He scaled Mount Everest when he was 80, becoming the oldest man to conquer the world's highest peak.
But Japanese adventurer Yuichiro Miura, who turns 84 tomorrow, is not done yet. He wants to conquer the 8,848m mountain again, for a fourth time, at the age of 90.
The adventurer, who reached the Everest summit for the first time when he was 70, has had to overcome a slew of health problems. A midlife crisis during the 1990s, when he made two failed bids to enter politics, saw metabolic syndrome set in.
"I lost all motivation and didn't know what to do next," he told The Straits Times in an interview last month, as he recalled his lost decade.
"I drank and ate too much and didn't do enough exercise. I suffered from diabetes, and had heart and kidney disease."
But his dream of climbing Everest one day and sheer willpower helped him overcome the odds.
POWER OF DREAMS
Even if people get older or are sick or injured, having a dream is enormously powerful for ensuring that they do not give up despite the challenges.
JAPANESE ADVENTURER YUICHIRO MIURA
"When I was 65, it was impossible for me to reach the top of even a 500m mountain that kindergarten children might find easy. Everest was then a distant dream... but I made the impossible possible."
That iron-clad will kept him going - and the mountains, which represent to him the "school of hard knocks, perseverance and endurance".
The 1.64m-tall adventurer used to weigh in at 90kg, and his health problems were so bad that his doctor told him he had "only three years to live".
It was a 180-degree turn for an athlete who, in 1970, became known as the first man to ski down Everest - a feat that was immortalised in an award-winning documentary.
His love affair with mountains began when he was just a child, under the influence of his father, the late adventurer Keizo Miura. What gave him the strength to get out of his rut was his father's determination to ski down Mont Blanc at age 99.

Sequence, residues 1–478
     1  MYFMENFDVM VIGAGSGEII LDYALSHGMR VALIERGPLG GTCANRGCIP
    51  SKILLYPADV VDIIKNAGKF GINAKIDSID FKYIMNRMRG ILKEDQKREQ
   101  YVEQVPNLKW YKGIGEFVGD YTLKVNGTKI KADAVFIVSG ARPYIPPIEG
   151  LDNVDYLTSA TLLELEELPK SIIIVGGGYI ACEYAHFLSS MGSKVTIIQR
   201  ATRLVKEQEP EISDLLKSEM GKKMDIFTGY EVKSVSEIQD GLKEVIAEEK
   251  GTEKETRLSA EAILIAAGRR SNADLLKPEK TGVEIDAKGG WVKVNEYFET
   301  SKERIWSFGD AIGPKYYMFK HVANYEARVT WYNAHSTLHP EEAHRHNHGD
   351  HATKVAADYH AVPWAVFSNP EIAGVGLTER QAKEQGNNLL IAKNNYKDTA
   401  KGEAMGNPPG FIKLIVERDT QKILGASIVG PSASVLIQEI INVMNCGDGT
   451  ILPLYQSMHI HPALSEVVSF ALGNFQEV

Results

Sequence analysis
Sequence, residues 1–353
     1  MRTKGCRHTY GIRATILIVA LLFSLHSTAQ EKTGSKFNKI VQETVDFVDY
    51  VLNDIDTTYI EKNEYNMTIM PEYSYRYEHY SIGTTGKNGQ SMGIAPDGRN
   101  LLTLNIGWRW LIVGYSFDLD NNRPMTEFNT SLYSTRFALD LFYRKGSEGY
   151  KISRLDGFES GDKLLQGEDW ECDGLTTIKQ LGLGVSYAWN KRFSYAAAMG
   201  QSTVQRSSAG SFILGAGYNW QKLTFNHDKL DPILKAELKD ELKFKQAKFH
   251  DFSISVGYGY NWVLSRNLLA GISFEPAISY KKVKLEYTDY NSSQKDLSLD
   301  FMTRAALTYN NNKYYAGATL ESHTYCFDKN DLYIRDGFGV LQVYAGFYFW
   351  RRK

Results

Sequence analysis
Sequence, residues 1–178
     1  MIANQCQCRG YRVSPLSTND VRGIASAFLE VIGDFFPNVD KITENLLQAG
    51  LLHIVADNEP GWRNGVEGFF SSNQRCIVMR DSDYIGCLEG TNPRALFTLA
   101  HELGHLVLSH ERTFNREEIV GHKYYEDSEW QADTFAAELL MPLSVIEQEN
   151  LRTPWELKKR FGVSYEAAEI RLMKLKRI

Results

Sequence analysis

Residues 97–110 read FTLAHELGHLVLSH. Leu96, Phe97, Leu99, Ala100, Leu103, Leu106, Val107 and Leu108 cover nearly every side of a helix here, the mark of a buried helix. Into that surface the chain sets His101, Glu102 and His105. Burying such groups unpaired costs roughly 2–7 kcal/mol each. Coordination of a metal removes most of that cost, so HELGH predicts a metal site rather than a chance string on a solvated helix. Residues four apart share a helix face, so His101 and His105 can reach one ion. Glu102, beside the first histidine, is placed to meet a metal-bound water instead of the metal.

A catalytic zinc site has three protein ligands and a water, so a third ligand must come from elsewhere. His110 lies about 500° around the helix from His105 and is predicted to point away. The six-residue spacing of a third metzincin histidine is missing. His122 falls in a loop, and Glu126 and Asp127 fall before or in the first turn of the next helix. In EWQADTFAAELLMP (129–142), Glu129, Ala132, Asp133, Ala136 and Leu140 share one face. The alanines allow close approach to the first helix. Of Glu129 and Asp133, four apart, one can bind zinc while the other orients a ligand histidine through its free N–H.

He could have been what he calls "defensive" or "offensive" in tackling his health issues. The former would have involved basic measures such as waking up early and doing light stretches and walks.
However, he decided to whip himself into shape by strapping weights on his ankles and carrying a load on his back, steadily increasing the amount as he walked 9km from the Tokyo train station to his office - and back again - every day.
Gradually, he rebuilt his strength and stamina, and he scaled Everest for the first time in 2003.
He repeated the feat in 2008 and 2013. His third climb proved to be the most challenging as he had undergone two heart operations and massive surgery to fix a fractured pelvis in the interim.
But mindful of the Japanese adage that "older people must reduce their workload by half", he adapted his methods to ease the strain on his body.
And even now, he refuses to let up.
Before he attempts Everest for the fourth time, he has a more immediate goal - to ski down Mount Cho Oyu along the Nepal-Tibet border, the world's sixth-highest mountain at 8,201m, when he is 85.
"Even if people get older or are sick or injured, having a dream is enormously powerful for ensuring that they do not give up despite the challenges. Such dreams are a good way to motivate people to work towards recovery and their goals."